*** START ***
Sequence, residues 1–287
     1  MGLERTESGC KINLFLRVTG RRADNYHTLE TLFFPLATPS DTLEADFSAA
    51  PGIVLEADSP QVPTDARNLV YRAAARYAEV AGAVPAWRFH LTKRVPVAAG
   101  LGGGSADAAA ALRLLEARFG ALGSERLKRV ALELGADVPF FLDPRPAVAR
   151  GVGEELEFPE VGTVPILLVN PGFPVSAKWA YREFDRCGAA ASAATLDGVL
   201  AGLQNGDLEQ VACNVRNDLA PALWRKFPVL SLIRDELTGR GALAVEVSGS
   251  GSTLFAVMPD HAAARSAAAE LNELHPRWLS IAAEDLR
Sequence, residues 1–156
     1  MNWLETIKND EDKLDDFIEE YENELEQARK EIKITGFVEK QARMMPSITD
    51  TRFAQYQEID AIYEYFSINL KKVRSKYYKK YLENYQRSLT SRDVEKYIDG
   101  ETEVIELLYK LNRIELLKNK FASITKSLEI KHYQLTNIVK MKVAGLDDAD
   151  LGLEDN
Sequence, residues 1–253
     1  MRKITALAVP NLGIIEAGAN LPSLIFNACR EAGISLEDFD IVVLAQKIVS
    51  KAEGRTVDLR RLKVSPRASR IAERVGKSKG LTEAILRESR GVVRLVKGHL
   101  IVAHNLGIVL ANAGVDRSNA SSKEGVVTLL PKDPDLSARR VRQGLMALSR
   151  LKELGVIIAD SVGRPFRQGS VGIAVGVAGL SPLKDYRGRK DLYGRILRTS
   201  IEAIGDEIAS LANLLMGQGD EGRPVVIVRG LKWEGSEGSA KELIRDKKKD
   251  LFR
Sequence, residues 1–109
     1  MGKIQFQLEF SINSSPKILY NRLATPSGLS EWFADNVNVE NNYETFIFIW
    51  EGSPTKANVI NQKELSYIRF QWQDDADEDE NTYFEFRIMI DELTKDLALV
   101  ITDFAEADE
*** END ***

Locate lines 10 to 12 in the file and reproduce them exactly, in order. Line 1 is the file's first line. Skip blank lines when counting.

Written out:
    51  TRFAQYQEID AIYEYFSINL KKVRSKYYKK YLENYQRSLT SRDVEKYIDG
   101  ETEVIELLYK LNRIELLKNK FASITKSLEI KHYQLTNIVK MKVAGLDDAD
   151  LGLEDN